The One with Ghomeshi, Trauma, and the Truth

As of this morning, Jian Ghomeshi has been acquitted of all charges.

The judge (Horkins) in this ruling told the witnesses that navigating this proceeding is “really quite simple”.

All he asks is that they “tell the truth, the whole truth, and nothing but the truth.”

The truth.

What happens when the truth isn’t that simple?

 When trauma is involved, the truth— the reality of an experience, the story—is not clean cut. With trauma, the truth is never so simple.

A little psychoeducation, if you’ll bear with me:

Trauma memories do not have clear beginnings, middles, and ends.

This is not widely understood, and it needs to be.

When we experience trauma, our bodies and brains undergo an involuntary instinctual response that interrupts normal neuropsychological functioning.

Put simply, our brains often can’t physiologically encode traumatic memories in a linear or coherent fashion.

Our memories of trauma end up being without narrative organization and may be stored in a nonverbal realm of the brain.

Which makes it inherently problematic in cases like this where the outcome relies on the witnesses’ ability to recount the assault or trauma.

The judge is asking for something that our brains cannot physiologically accomplish under the weight of trauma. 

DeCoutere, one of the women who had pressed charges, was criticized this morning by Horkins for telling police that “nothing stuck in her memory” the night of the alleged assault, which was over a decade ago.

The judge also notes that there were inconsistencies in DeCoutere’s sequence of events relating to the alleged assault.

“The twists and turns of the complainants’ evidence in this trial illustrates the need to be vigilant” in order not fall into the assumption “that sexual assault complainants are always truthful,” the judge said.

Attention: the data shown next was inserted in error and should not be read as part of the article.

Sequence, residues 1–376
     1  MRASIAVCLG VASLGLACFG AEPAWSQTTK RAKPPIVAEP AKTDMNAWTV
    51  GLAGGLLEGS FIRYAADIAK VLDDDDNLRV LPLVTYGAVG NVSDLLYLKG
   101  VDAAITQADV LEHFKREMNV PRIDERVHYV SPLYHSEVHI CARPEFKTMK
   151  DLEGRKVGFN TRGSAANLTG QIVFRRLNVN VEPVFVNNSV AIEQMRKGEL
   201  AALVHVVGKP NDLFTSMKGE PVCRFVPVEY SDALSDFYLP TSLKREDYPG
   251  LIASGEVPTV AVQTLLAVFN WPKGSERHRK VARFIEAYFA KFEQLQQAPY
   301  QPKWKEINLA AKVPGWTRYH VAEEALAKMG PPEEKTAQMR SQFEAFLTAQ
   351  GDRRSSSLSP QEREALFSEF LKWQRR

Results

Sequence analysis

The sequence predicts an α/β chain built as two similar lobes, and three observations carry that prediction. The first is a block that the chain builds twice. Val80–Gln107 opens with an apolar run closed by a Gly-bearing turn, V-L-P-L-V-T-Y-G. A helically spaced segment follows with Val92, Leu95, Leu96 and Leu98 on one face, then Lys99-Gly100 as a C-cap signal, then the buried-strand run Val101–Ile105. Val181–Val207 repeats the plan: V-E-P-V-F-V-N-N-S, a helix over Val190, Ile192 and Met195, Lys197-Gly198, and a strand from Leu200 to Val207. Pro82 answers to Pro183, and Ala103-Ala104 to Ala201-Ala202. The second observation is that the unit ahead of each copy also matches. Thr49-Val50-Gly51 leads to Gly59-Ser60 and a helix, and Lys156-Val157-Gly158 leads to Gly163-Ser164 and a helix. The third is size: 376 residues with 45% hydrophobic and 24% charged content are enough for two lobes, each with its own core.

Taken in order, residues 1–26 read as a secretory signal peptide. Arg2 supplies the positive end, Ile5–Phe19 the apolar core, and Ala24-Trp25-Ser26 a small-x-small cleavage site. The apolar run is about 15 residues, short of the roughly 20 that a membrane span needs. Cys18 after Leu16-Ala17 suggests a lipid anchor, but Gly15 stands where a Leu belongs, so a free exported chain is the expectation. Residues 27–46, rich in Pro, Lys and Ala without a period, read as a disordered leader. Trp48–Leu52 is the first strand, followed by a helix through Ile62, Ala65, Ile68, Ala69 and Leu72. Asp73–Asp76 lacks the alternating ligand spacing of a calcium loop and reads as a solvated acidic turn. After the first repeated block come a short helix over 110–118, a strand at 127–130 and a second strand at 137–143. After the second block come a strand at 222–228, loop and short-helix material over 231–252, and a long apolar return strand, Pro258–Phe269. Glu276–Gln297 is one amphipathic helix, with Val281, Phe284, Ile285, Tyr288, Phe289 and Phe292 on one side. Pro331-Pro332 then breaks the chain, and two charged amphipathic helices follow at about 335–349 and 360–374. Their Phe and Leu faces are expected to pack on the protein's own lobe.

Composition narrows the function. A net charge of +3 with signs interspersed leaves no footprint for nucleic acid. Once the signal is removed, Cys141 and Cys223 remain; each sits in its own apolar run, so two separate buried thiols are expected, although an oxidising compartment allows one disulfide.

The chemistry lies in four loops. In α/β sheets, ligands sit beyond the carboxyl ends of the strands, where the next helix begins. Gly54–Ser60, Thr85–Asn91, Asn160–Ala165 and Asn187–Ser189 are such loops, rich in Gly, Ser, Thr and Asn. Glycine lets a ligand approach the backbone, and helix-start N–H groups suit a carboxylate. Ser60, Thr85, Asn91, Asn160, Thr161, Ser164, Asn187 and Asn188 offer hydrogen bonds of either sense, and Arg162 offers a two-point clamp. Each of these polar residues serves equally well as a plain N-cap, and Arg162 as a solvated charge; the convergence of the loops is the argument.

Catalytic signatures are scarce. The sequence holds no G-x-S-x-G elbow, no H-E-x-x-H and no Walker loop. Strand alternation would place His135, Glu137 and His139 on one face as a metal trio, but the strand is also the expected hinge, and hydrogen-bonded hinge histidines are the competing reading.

To simple recount a traumatic memory— to organize it in a narrative form that will be comprehensible and acceptable to jury or a judge—is not as simple as the law expects it to be.

Trauma is an inherently fragmented memory experience.

And this leads us to the problem of this case’s proceedings:

Each charge against Ghomeshi is based entirely on the verbal evidence and credibility of the witnesses.  

Horkins stated that he made his decision based on he “inconsistencies” of the witnesses’ testimonies, that one of the witnesses “clear[ly] breached her oath to tell the truth”, and that the witness displayed a “degree of carelessness with the truth that diminishes the general reliability of the witness”.

Horkins acquitted Ghomeshi because the witnesses were not “especially precise” in the details of the assaults.  He criticized them of “willfully [holding] back the truth”.

But memory of a traumatic experience—and the sequence of events—is not easily presented by trauma victims due to the instinctual trauma response.

Ghomeshi’s trial rested solely on the witnesses’ testimonies, and their ability to recount the assault in a way that was clear and consistent.

And they didn’t.

So Ghomeshi goes free, for now.

All quotes are from Laura Fraser’s live coverage on the ruling from earlier today. Her posts can be found here

PHOEBE LAU is a Masters of Art Therapy candidate based in Montréal, Québec. She is an omega-level plant lady who also writes about her wildly varied experience in an interracial relationship at Hair of Oil, Hair of Water.

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